Score by Benjamin Britten published by Boosey and Hawkes in Browse through all arias, ensembles and roles from the opera Billy Budd by Benjamin Britten. With links to the scenes with movies and more information. Benjamin Britten’s Billy Budd based on Herman Melville’s story, is one of the 20th Century’s most tragic operas and the only opera with an all-male cast.
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Billy BuddOp. Originally in four acts, it was first performed at the Royal Opera HouseLondon, on 1 December ; it was later revised as a two-act opera with a prologue and an epilogue.
Forster had an interest in the novella, which he discussed in his Clark lectures at Cambridge University.
Having admired Britten’s music since attending a performance of The Ascent of F6 inhe first met the composer in October when he heard Peter Pears accompanied by Britten perform the Seven Sonnets of Michelangelo at the National Gallery. Forster agreed to this project, and worked with Eric Croziera regular Britten collaborator, to write the opera’s libretto. This disturbed Britten, but Ghedini’s opera gained little notice.
Britten originally intended the title role for Geraint Evanswho prepared it but then withdrew because it lay too high for his voice. When Britten conducted the opera’s premiere, in its original form of four acts, it received 17 curtain calls.
Uppman was acclaimed as a new star. In Britten revised the score substantially in preparation for a BBC broadcast, and compressed it into two acts. Vere’s first appearance after the prologue had been originally the Captain’s Muster, in which he addresses the crew at the end of Act 1; Britten cut this, explaining to his librettist Eric Crozier that he had never been happy with that scene,  so making Vere’s first appearance on the ship a private moment alone in his cabin.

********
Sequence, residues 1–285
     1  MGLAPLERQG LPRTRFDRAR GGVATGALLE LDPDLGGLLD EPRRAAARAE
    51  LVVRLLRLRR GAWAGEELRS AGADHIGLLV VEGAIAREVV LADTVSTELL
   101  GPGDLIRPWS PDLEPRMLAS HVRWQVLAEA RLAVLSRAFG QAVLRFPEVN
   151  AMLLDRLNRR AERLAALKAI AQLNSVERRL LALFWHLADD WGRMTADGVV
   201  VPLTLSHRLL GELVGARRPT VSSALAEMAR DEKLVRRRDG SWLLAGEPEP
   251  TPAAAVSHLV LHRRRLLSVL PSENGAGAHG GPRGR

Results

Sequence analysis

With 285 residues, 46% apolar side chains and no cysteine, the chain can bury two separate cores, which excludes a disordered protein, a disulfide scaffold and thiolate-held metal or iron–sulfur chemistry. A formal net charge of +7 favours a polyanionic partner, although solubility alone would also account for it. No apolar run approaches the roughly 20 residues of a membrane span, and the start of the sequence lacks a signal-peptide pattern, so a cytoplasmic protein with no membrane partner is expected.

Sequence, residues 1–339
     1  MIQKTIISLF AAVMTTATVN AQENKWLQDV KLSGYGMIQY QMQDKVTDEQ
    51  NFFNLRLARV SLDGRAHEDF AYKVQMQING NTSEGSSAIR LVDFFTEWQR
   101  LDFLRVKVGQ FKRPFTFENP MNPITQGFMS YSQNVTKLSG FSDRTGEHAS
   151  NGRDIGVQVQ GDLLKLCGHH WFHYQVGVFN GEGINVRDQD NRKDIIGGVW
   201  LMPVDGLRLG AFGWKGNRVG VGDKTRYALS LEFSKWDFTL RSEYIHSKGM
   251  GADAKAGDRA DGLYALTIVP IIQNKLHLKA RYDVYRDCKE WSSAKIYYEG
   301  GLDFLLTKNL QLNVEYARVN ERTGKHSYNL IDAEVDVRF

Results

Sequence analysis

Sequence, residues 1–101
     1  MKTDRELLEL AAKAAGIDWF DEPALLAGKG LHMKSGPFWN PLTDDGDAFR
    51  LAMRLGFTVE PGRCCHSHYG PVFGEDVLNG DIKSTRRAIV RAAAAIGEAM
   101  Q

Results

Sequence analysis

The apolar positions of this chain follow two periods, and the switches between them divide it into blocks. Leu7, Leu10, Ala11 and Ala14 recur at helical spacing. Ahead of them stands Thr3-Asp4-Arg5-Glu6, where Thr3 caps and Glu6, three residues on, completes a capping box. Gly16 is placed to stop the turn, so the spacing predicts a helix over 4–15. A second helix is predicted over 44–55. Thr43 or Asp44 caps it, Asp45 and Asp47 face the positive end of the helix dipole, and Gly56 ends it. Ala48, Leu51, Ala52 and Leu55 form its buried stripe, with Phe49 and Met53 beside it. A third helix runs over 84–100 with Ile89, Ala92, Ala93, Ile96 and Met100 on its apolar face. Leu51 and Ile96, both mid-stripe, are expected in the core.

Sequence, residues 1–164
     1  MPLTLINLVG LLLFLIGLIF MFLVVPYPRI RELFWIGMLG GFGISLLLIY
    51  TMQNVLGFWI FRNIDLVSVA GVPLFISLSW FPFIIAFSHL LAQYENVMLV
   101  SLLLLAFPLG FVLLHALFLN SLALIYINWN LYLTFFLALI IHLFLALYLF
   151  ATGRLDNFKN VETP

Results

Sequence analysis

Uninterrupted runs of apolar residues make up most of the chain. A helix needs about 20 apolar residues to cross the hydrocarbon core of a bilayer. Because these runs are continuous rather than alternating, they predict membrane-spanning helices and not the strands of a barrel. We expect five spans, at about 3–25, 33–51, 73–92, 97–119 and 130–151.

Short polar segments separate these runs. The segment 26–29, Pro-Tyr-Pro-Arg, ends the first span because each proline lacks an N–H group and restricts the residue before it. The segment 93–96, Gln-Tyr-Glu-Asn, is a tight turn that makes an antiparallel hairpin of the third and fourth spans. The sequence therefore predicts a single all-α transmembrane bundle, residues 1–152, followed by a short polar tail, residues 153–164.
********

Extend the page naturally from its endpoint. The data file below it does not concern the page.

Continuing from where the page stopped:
The original version in four acts is still occasionally revived, such as at the Vienna State Opera in andand has been recorded at least twice. It has become part of the repertory of the New York Metropolitan Opera.
A production by the Glyndebourne Festival Opera marked the operatic directorial debut of the theatre director Michael Grandage. The opera premiered at the Bolshoi Theater in Moscow on November 25, The opera’s stage director is David Alden and the conductor is William Lacey.
Billy Budd (revised 2-Act version)
Captain Edward Fairfax Vere, an old man, reflects on his life and his time in the navy. He reflects on the conflict between good and evil, he is tormented by guilt over the case of Billy Budd on board his ship, HMS Indomitablesome years earlier.
The crew of the Indomitable works on deck. For slipping and bumping into an officer, the Novice is sentenced to be flogged.
At the same time a cutter approaches, returning from a merchant ship where it has pressed three sailors into the Royal Navy. One of these sailors, Billy Budd, seems overjoyed buvd his situation — entirely different from the other two who are not so happy. Claggart, the Master-at-Arms, calls him “a find in a thousand,” despite the slight defect of a stammer.
Billy says a jaunty farewell to the Rights o’ Manhis former ship, innocent of what his words imply. The officers take his words as a deliberate provocation and order the men below decks. Claggart tells Squeak, the ship’s corporal, to keep an eye on Billy and give him a rough time. The Novice returns from his flogging, unable to walk and helped along by a friend.